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The effect of interventions anticipated to improve plantar intrinsic foot muscle strength on fall-related dynamic function in adults: a systematic review

Abstract

Background

The plantar intrinsic foot muscles (PIFMs) have a role in dynamic functions, such as balance and propulsion, which are vital to walking. These muscles atrophy in older adults and therefore this population, which is at high risk to falling, may benefit from strengthening these muscles in order to improve or retain their gait performance. Therefore, the aim was to provide insight in the evidence for the effect of interventions anticipated to improve PIFM strength on dynamic balance control and foot function during gait in adults.

Methods

A systematic literature search was performed in five electronic databases. The eligibility of peer-reviewed papers, published between January 1, 2010 and July 8, 2020, reporting controlled trials and pre-post interventional studies was assessed by two reviewers independently. Results from moderate- and high-quality studies were extracted for data synthesis by summarizing the standardized mean differences (SMD). The GRADE approach was used to assess the certainty of evidence.

Results

Screening of 9199 records resulted in the inclusion of 11 articles of which five were included for data synthesis. Included studies were mainly performed in younger populations. Low-certainty evidence revealed the beneficial effect of PIFM strengthening exercises on vertical ground reaction force (SMD: − 0.31-0.37). Very low-certainty evidence showed that PIFM strength training improved the performance on dynamic balance testing (SMD: 0.41–1.43). There was no evidence for the effect of PIFM strengthening exercises on medial longitudinal foot arch kinematics.

Conclusions

This review revealed at best low-certainty evidence that PIFM strengthening exercises improve foot function during gait and very low-certainty evidence for its favorable effect on dynamic balance control. There is a need for high-quality studies that aim to investigate the effect of functional PIFM strengthening exercises in large samples of older adults. The outcome measures should be related to both fall risk and the role of the PIFMs such as propulsive forces and balance during locomotion in addition to PIFM strength measures.

Peer Review reports

Background

Annually, approximately one third of the adults aged over 65 year fall at least once and this number increases with advancing age [1]. One third of all falls result in serious injury [2]. These injuries eventually lead to hospitalization, institutionalization, or mortality in a substantial number of events [3]. Since the rate of serious injuries as a consequence of a fall in older adults increases over the years and because of its financial and societal consequences, there is an urgent need for improving the prevention of falling in this specific population.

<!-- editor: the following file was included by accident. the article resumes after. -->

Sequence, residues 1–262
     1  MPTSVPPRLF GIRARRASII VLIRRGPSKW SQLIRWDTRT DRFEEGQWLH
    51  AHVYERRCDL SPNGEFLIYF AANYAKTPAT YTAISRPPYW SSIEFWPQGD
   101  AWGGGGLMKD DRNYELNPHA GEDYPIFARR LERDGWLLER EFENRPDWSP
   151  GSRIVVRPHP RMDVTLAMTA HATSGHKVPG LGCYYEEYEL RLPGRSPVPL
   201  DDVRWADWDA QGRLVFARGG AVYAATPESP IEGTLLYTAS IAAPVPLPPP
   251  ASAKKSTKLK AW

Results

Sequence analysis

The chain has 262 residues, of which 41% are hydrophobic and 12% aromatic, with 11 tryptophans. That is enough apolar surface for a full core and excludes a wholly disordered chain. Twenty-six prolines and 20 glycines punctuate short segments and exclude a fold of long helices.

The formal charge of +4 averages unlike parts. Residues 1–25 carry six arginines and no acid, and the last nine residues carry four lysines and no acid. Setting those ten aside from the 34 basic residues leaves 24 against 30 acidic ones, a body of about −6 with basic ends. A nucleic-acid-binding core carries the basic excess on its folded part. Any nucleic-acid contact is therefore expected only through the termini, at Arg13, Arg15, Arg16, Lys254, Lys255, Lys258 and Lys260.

Altered gait and related balance deficits are strong determinants of falling [2, 4, 5] and very common [4, 6, 7] in older adults. A wide range of biological factors can be related to these age-related changes. However, there is rationale to believe that the decreased force-producing capacity of the plantar intrinsic foot muscles (PIFMs), as observed in older adults [8], may have a role in at least two aspects of the functional decline that make them more likely to fall. These comprise of diminished balance control in dynamic circumstances and reduced generation of propulsive power.

Older adults experience difficulties to control their balance during gait, particularly in the frontal plane [9, 10]. Mechanically, this can be explained by the narrowed mediolateral stability margins in comparison with younger adults resulting from increased sway of the body’s center of mass in this direction [9] in conjunction with the more medially directed progression of the center of pressure (CoP) throughout the loading phase of gait in older adults [11]. This medial shift of the CoP has been associated with a lower medial longitudinal foot arch (MLA) [12], which is typical of the aging foot [13, 14]. A flatter foot might also negatively impact dynamic balance as this causes increased motion of the forefoot, reflecting reduced stiffness of the foot [15]. This lack of a high arched stiff foot resulting in a less stable base of support might be due to insufficient force produced by the PIFMs [16,17,18]. In addition to this role in dynamic balance during gait, the PIFMs also play a role in static postural balance, especially in the frontal plane or when the postural demand of the task is increased [19, 20]. Hence, it is likely that the observed atrophy of the PIFMs in older adults interferes with the capability of the postural system to remain balanced during gait.

Not only decreased control of balance is typical for older adults’ gait, but also reduced generation of propulsive power [7, 21]. A reduced push-off may result in smaller steps [22], slower walking speed [7] and increased stance time [21]. These spatiotemporal gait parameters are all associated with an increased risk of falling [23]. The reduced propulsive power has been previously attributed to the decreased capacity of the ankle plantar flexors to generate power at the ankle joint [22, 24]. However, since the foot is simply modelled as one rigid body in these studies, it remains unclear to which extent the foot contributed to the estimated ankle joint power [25]. Instead, a recent study, using a multi-segment foot model [26], showed that normal push-off was jeopardized when the PIFMs were unable to contract. This implies that effective force transmission to the ground may be hindered by the diminished force capacity of the PIFMs in older adults.